Using a 12V lighting transformer for my low volt rails?

Discussion in 'General Electronics Chat' started by Subterranean, Feb 9, 2011.

  1. Subterranean

    Thread Starter New Member

    Jul 27, 2010
    13
    0
    Hi, I was looking for a way to power some IC's/semiconductor pieces for my project. Since the main transformer I'm using gives around 40-45VDC with rectifier/capacitor, using linear regulators to drop it to 12v or 5v seems very inefficient, if it's even possible. I thought about using a second transformer to give me a lower rectified DC voltage that I can use alongside the main power rail.

    A search for "12v transformer" found a load of "low voltage lighting transformers" such as this one which can be had for not much money on eBay.

    Rectified with capacitor, these would give a max of 16.8VDC, generally less under drain. This could be used directly to drive power mosfets which need 10-20v, and could be regulated to 12v or 5v easily.

    Are these suitable for use when there is only a low current draw, such as when only a uC and a few ICs need power? For my project I can see the current draw varying quite a lot, depending on if its being used or not. Are there any other problems with using such a transformer for this job?

    Thanks for the advice.
     
  2. debjit625

    Well-Known Member

    Apr 17, 2010
    790
    186
    Buy a simple 12-0-12 center trapped stepdown transformer,use a full wave rectifier to convert it to DC smooth it using filters ,then use regulator IC 7812 to regulate 12 VDC and IC 7805 to regulate 5 VDC.

    Good Luck
     
  3. cumesoftware

    Senior Member

    Apr 27, 2007
    1,330
    10
    Really, you really buy a proper transformer for this, instead of that lighting transformer. As debjit625 suggested, a center tapped transformer giving 12V-0V-12V might do. You will get roughly 16V on each rail after rectification and filtering. Even a single 9V transformer will do if you want to power logic circuits only, since you will get 12V after rectification, and that will give you enough headroom for the regulators to work (a standard 5V regulator like the LM7805 requires at least 7.5V at the input) accounting with ripple.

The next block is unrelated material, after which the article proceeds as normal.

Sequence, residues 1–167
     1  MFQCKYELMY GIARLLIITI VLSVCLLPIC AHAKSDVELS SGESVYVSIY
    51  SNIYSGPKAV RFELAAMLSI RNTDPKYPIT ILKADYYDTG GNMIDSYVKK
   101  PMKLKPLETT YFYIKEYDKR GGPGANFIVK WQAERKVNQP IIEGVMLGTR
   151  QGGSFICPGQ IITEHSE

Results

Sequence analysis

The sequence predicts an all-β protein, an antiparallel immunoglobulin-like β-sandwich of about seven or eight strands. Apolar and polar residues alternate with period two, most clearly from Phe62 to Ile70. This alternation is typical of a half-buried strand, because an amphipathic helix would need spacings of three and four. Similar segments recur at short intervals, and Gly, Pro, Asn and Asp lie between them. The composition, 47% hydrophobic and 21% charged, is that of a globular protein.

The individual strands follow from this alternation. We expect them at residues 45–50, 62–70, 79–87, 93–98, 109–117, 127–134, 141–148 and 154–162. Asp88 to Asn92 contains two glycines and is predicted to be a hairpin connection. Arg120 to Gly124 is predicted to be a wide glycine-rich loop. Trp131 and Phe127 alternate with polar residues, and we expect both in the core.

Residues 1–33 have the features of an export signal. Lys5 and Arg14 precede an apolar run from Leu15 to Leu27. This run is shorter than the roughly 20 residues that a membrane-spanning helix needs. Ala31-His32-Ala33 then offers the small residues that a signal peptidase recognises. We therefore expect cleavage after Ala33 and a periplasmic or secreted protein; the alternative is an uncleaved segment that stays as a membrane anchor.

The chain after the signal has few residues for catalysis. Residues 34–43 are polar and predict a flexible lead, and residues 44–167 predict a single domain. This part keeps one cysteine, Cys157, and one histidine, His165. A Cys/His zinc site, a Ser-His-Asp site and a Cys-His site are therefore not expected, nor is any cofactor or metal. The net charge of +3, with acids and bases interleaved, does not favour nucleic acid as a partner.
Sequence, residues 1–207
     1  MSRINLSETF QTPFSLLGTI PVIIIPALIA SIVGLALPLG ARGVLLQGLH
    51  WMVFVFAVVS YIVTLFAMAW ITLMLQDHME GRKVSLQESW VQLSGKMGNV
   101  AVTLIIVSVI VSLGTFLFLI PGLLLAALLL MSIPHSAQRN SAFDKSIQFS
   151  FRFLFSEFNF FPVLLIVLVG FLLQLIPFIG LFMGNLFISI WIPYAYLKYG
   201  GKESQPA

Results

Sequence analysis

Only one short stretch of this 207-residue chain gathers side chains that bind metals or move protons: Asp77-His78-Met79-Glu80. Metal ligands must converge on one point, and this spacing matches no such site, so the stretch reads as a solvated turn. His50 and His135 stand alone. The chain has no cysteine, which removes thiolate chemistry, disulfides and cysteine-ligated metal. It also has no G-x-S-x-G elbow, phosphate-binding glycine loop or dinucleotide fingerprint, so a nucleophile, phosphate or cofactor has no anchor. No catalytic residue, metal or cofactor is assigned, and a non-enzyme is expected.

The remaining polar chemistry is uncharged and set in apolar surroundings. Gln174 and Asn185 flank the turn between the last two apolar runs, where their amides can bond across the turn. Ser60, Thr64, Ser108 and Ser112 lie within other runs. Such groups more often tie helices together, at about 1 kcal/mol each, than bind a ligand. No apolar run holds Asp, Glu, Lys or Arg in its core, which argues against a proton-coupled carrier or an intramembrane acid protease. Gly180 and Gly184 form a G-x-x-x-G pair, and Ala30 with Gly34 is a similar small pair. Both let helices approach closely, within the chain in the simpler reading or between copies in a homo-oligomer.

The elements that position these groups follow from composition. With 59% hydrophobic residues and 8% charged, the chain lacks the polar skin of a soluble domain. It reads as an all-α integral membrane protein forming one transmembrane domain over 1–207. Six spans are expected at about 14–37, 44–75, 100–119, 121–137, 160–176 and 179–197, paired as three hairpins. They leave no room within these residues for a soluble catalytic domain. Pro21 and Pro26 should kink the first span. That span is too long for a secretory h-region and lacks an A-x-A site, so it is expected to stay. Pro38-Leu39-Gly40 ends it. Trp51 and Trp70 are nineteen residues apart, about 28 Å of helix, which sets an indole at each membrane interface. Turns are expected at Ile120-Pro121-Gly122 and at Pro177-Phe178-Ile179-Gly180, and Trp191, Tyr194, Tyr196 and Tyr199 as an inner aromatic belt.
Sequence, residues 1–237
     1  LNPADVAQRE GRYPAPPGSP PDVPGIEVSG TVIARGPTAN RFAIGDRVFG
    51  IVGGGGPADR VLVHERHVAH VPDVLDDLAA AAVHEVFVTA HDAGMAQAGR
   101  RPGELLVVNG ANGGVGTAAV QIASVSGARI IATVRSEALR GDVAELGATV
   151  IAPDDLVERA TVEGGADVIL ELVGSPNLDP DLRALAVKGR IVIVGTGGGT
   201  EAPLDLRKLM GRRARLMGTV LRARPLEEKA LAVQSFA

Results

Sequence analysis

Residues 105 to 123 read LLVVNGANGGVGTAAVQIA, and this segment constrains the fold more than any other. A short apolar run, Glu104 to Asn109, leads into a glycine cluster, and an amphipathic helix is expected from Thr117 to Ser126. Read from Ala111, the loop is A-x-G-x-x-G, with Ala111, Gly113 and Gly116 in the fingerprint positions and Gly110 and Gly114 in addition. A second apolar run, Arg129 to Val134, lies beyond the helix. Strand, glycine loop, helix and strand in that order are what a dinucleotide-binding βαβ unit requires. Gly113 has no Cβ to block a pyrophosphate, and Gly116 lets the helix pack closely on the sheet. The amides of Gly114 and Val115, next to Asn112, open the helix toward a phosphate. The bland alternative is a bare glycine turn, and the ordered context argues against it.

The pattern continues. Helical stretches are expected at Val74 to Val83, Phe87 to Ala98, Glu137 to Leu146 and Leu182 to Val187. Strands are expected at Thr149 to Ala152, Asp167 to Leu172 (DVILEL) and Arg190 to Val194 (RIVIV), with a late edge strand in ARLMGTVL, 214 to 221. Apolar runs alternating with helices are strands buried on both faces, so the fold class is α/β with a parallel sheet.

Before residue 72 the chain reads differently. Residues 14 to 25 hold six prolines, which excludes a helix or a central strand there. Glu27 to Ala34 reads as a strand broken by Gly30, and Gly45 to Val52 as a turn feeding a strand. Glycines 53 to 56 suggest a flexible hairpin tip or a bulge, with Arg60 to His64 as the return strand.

P.S.: The rule of thumb for standard series pass regulators: input voltage should be at least 2.5V higher than the output voltage. Consider that because of ripple, the input voltage varies periodically. So, the sags on the ripple waveform shouldn't be below Vo + 2.5V (Vo = output voltage).
     
  4. marshallf3

    Well-Known Member

    Jul 26, 2010
    2,358
    201
    Actually, when you can find those outdoor lighting transformers on sale they're a pretty good deal. You will want to rectify, filter and regulate them though as most simply put out out 12 VAC.

    I missed out on a couple of 20A ones for $50 each. Thought about buying them but once I finally decided to they were gone. Of course old (or new) PC supplies are a great option as well so long as you keep a little load on them.
     
  5. cumesoftware

    Senior Member

    Apr 27, 2007
    1,330
    10
    Well, marshallf3, actually you can get the needed transformer for much less than 50$. It is cheaper to buy a simple transformer that supplies the same output current. Plus, using a 9V transformer is more efficient, since the regulator doesn't need to dissipate that much heat, and thus you will save on the heatsink too. If you need both 12V and 5V you should use a 12V transformer, and you can cascade the regulators (LM7812 and LM7805) in order to get both voltages.

    The planning really depends on how many amps you are going to need on each rail.
     
    Last edited: Feb 9, 2011
  6. Subterranean

    Thread Starter New Member

    Jul 27, 2010
    13
    0
    Thanks for the replies. The reason I was looking at the lighting transformers is simply that any search I make looking to buy a 12V transformer seems to be dominated by this type of transformer. For example on Ebay there are not many other types come up and they are always rated less current than an equivalent priced lighting one.

    I can get a 150VA lighting one for less than £10GBP (~16USD) with its own casing and easy attachment points, so as long as it is, or will act the same as, a normal transformer it seems the cheapest option for me.

    As a side question, is there a reason why a lot of transformers are rated in "VA" rather than Watts as they seem to be identical units to me. Are they different or is it just tradition?
     
  7. Subterranean

    Thread Starter New Member

    Jul 27, 2010
    13
    0
    Also, in regard to using a computer PSU; I had thought about this since they are easily available and can give high current, but there were a few reasons why I thought it wasn't such a good idea (please correct me if I'm wrong on anything).

    For one, I think I'm right in saying that they need a certain load to work, which can be sorted with a power resistor from 12v to ground, but lowers their efficiency when only used for an amp or 2.

    For another, to get one at the price I was looking at I would probably end up with a big noisy brute of a PSU. Admittedly the built in fans could help cooling inside the project, sucking hot air out, or even with a little plastic wind tunnel and separate fan at the other end, help cool any well placed hot components.
     
  8. The Electrician

    AAC Fanatic!

    Oct 9, 2007
    2,284
    328
    Try refining your search. On eBay for the UK I find this:
    http://www.ebay.co.uk/sch/i.html?_n...de,led)&_osacat=0&_trksid=p3286.c0.m270.l1313

    I find more on eBay in the U.S.:
    http://www.ebay.com/sch/i.html?_nkw...er+(triad,stancor,calrad)&_osacat=0&_from=R40
     
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